Clearly, officers of the council will be continuing to progress the proposed LDP2 but it is a matter of conjecture as to when the Proposed LDP2 will be submitted to the council for approval.  Scottish Ministers have certainly put ‘the cat amongst the pigeons!’  What must be of most concern for the council is the fact that the Planning Bill, passed by Scottish Ministers on 21 June and expected to receive Royal Assent and pass into law by mid-July, in an effort to simplify the development planning process, abolishes strategic development plans (SDPs) and replaces them with regional spatial strategies (RSS), a long-term spatial strategy document.  Unlike SDPs, the RSS will not form part of the development plan.  LDPs must, however, take into account matters such as housing need, the availability of housing land, and the health and education needs of the local population.  Furthermore, before preparing a LDP, planning authorities must invite local communities to prepare a Local Place Plan (LPP) setting out their priorities for the development and use of land in the local area.  The LPP will not form part of the development plan but must be taken into account by the planning authority in the preparation of the LDP.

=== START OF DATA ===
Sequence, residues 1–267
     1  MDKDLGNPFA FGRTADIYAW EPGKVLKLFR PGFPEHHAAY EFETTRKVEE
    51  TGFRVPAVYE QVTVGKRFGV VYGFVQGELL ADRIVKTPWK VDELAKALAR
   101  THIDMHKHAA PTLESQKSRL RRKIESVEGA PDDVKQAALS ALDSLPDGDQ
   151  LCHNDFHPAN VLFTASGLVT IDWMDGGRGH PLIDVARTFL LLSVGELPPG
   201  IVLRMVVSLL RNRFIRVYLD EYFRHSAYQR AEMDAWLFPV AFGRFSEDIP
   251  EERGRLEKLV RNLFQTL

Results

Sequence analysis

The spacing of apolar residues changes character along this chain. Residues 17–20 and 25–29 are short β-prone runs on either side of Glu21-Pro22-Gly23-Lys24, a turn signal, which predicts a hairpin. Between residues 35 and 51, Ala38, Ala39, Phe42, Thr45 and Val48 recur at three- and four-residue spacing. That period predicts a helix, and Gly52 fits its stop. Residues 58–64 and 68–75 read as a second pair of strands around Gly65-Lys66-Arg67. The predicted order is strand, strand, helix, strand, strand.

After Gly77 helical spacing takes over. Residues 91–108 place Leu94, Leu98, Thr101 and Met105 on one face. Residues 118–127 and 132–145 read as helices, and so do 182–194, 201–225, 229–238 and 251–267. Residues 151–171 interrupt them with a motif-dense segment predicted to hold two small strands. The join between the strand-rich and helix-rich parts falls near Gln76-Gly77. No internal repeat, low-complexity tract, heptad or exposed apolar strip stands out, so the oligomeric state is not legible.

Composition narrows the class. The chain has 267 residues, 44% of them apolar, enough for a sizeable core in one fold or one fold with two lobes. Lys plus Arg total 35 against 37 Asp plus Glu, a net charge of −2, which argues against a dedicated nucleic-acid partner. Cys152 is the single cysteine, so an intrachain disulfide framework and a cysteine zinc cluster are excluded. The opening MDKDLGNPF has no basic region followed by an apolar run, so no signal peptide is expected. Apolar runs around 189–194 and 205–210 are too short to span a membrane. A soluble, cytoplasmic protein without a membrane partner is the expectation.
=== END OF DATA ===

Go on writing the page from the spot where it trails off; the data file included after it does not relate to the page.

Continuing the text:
So, Scottish Borders Council will have a lot to think about in the forthcoming months and years.  How long will it take for the planning authorities in south-east Scotland to produce a regional spatial strategy (RSS)?  Can and will SBC progress its LDP2 in advance of the preparation of a RSS for south-east Scotland.  Will any LPPs be produced in advance of the finalisation of the Proposed LDP2 or will they have to wait until the next local development plan.  Watch this space!

 

Strategic Development Plan (SESplan 2) Update: May 2019

Scottish Ministers have put development planning in the south east of Scotland, including the Scottish Borders, into a state of confusion with the rejection of the Strategic Development Plan (SESplan 2), submitted in June 2017.  On 16 May, the Scottish Government’s Chief Planner announced that Scottish Ministers were not satisfied that the Plan had been properly informed by an adequate and timely Transport Appraisal and that it did not take sufficient account of the relationship between land use and transport.  It is the view of Scottish Ministers that the Plan does not properly acknowledge and address the region’s infrastructure constraints to support the spatial strategy for delivering housing land across the area.  It does not include sufficient information on the transport interventions required to support the spatial strategy.